But, otherwise? Otherwise this is all just more pointless self-hate from liberal whites. That’s ALL it is. Because, you know these same people wouldn’t feel bad if they saw a hugely successful video game company full of Asian people. Or an awesome pro sports team full of millionaire African-Americans. Or a great fashion company founded by two gay men. There’d be no reason to feel bad about any of those things unless active discrimination was going on. But somehow some people feel weirdly and pointlessly outraged whenever there’s some organization somewhere that has a majority of white males in it. That’s their religion, to feel pointlessly outraged. And it’s based on misandry and self-hate. That’s all it is.

    I don’t even like Image that much. But it’s obvious to me that projects from people like Scott Snyder and “Jock” (both of whose work I dislike) would be a lot more appealing to the public than, say, something by Jamal Igle and Becky Cloonan (both of whose work I enjoy tremendously). Would it be awesome for Image to publish something from Jamal Igle and Becky Cloonan? Of course. Am I going to scream and pout because that isn’t happening? No, because there’s absolutely no evidence that Image has gone out of their way to discriminate against anyone. All we have here is the indignant paranoia of (mostly) over-privileged whites who have nothing else to complain about in life so they have to invent problems where there are none. You guys are like the new Christian missionaries or something. Just as overbearing and just as zealous.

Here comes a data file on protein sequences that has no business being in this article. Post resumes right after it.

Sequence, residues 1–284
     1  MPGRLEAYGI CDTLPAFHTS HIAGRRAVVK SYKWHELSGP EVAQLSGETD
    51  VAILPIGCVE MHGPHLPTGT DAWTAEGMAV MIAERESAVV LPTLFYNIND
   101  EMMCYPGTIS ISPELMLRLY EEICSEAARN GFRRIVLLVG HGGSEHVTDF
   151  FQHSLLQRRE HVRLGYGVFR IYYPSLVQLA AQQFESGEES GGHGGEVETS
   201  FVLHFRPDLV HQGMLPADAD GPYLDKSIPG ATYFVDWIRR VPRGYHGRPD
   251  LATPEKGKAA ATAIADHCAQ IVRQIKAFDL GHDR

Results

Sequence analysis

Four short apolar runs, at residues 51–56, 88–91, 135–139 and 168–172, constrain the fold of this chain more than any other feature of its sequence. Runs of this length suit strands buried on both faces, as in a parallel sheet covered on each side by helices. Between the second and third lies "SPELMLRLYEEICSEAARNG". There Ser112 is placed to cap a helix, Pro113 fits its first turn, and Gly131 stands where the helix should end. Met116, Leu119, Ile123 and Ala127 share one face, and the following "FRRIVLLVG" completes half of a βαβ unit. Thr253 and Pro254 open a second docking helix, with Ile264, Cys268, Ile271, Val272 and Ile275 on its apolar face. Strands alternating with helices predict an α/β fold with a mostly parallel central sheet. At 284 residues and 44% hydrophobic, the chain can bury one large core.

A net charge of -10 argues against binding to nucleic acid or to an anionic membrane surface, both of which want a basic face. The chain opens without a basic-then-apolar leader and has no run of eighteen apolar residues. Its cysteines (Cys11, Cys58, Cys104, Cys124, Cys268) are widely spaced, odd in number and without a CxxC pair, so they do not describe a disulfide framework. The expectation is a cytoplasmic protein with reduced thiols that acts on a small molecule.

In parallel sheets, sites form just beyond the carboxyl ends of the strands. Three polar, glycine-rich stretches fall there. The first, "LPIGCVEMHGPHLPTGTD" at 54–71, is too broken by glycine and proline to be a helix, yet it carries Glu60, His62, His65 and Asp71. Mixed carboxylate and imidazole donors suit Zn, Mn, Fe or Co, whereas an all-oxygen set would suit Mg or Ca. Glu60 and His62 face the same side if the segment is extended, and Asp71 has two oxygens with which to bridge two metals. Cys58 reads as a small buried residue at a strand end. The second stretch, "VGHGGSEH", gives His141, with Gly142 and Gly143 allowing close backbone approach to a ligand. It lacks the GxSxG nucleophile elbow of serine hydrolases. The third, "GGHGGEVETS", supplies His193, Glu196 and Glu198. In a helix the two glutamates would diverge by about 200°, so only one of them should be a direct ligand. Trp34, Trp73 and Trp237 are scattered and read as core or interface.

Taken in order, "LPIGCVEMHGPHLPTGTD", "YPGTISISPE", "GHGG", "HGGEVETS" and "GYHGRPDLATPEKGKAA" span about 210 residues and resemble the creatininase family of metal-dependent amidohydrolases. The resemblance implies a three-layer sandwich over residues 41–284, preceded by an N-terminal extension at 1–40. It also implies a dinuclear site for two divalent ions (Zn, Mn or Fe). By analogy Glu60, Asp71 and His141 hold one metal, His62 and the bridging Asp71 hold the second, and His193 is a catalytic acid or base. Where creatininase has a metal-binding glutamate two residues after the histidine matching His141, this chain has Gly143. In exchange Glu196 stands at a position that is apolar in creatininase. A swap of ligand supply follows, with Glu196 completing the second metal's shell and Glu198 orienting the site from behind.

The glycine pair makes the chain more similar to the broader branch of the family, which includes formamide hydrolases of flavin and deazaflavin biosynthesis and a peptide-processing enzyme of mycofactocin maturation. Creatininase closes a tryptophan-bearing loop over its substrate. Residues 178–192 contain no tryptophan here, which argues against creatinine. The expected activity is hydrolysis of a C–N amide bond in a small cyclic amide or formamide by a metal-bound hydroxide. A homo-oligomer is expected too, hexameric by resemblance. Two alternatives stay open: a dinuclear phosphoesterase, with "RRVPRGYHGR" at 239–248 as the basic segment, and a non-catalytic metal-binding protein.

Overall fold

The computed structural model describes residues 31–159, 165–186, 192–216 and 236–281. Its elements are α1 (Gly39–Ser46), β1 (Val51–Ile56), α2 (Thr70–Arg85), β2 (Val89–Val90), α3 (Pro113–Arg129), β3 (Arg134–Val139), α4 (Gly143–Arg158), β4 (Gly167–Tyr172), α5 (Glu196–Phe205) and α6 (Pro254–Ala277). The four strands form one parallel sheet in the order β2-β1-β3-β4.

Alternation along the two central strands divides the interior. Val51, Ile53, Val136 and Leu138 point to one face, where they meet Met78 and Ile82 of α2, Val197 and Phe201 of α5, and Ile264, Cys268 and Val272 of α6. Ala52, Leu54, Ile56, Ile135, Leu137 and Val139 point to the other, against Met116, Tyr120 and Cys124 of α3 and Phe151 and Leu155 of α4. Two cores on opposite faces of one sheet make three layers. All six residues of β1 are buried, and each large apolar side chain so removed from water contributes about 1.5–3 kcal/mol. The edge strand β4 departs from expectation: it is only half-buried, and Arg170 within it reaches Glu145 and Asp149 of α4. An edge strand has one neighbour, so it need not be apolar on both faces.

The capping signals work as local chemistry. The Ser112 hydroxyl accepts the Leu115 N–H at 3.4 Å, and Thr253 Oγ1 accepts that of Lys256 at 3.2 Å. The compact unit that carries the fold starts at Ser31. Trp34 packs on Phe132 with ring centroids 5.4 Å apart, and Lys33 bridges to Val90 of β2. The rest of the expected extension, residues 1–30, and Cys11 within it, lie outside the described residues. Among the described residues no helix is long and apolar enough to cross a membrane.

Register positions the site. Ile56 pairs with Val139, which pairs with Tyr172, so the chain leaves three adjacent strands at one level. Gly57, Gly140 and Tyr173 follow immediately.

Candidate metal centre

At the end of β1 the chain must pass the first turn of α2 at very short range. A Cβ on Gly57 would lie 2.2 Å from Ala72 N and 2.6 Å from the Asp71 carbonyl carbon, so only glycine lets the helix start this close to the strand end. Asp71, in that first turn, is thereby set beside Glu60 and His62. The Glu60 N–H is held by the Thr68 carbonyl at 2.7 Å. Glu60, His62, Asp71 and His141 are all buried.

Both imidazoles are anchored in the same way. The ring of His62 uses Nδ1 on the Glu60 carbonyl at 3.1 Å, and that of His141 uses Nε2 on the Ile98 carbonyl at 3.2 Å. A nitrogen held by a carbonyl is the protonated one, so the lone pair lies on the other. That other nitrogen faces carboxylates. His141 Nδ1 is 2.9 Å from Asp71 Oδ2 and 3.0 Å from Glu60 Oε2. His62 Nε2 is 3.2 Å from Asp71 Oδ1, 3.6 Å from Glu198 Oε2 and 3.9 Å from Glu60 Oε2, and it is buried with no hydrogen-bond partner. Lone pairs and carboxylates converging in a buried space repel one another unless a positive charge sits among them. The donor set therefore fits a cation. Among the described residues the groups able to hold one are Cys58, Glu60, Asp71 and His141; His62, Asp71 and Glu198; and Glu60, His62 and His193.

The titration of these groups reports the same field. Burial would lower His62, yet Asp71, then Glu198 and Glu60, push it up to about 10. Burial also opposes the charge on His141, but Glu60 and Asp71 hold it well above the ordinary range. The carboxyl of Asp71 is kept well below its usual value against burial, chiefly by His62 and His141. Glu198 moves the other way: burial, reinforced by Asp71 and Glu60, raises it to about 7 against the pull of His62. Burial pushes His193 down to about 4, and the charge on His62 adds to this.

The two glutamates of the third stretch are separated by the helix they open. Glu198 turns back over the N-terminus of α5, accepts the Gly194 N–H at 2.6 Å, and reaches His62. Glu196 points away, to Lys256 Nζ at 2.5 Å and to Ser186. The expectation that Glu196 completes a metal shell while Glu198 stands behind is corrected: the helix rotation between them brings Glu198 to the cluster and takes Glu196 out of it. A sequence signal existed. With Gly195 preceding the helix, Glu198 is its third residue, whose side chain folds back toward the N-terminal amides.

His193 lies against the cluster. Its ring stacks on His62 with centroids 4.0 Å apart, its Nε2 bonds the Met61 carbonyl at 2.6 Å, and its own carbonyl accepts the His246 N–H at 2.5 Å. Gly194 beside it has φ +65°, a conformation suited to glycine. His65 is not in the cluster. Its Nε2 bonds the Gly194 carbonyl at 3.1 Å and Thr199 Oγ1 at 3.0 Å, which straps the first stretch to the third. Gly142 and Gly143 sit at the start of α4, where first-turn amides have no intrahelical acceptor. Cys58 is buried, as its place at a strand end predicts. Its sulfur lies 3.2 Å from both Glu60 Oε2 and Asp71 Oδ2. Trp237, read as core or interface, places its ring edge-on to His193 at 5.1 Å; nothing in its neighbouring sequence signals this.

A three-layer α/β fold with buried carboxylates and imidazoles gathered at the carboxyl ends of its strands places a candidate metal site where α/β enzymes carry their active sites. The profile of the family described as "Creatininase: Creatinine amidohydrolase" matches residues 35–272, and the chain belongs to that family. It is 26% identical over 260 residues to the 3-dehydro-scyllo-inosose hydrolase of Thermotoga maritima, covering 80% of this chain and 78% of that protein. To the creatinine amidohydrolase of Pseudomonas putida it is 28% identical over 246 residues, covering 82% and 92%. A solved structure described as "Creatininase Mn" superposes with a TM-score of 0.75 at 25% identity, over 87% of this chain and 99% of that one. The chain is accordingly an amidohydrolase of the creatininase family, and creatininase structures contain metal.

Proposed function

The last time I checked, the Children’s and Young Adult sections of bookstores were dominated by female authors. That quadrant of our culture is a lot more profitable than the comics industry. No one seems to have a problem with that, as well they shouldn’t. But, oh god, I guess tiny little Image Comics must represent and prove the existence of mass suppression of women and minorities.

  42. johnrobiethecat, I think Matt Fraction would have a drink with me…well, not a drink, but you know. Comics people are usually pretty friendly like that. Also, Blastosaurus really isn’t a superhero book, but thanks for the mention.

  43. johnrobiethecat says:

    @Richard
    Indeed, I think a lot of them are friendly even MF. I’m rooting for you Submit guys. Keep it up, I like the whole idea of it all.